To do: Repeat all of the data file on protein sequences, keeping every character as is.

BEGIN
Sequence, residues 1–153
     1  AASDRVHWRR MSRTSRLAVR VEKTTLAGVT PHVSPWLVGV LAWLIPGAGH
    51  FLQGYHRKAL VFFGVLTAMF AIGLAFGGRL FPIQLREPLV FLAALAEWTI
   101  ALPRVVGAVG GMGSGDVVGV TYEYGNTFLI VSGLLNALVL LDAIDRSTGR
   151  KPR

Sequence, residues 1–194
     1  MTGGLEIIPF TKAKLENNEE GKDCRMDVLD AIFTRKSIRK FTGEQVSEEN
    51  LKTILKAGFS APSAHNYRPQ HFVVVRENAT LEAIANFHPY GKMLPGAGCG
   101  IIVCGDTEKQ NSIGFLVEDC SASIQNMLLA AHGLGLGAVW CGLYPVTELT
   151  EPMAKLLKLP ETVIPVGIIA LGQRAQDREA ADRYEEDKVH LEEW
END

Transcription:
Sequence, residues 1–153
     1  AASDRVHWRR MSRTSRLAVR VEKTTLAGVT PHVSPWLVGV LAWLIPGAGH
    51  FLQGYHRKAL VFFGVLTAMF AIGLAFGGRL FPIQLREPLV FLAALAEWTI
   101  ALPRVVGAVG GMGSGDVVGV TYEYGNTFLI VSGLLNALVL LDAIDRSTGR
   151  KPR

Sequence, residues 1–194
     1  MTGGLEIIPF TKAKLENNEE GKDCRMDVLD AIFTRKSIRK FTGEQVSEEN
    51  LKTILKAGFS APSAHNYRPQ HFVVVRENAT LEAIANFHPY GKMLPGAGCG
   101  IIVCGDTEKQ NSIGFLVEDC SASIQNMLLA AHGLGLGAVW CGLYPVTELT
   151  EPMAKLLKLP ETVIPVGIIA LGQRAQDREA ADRYEEDKVH LEEW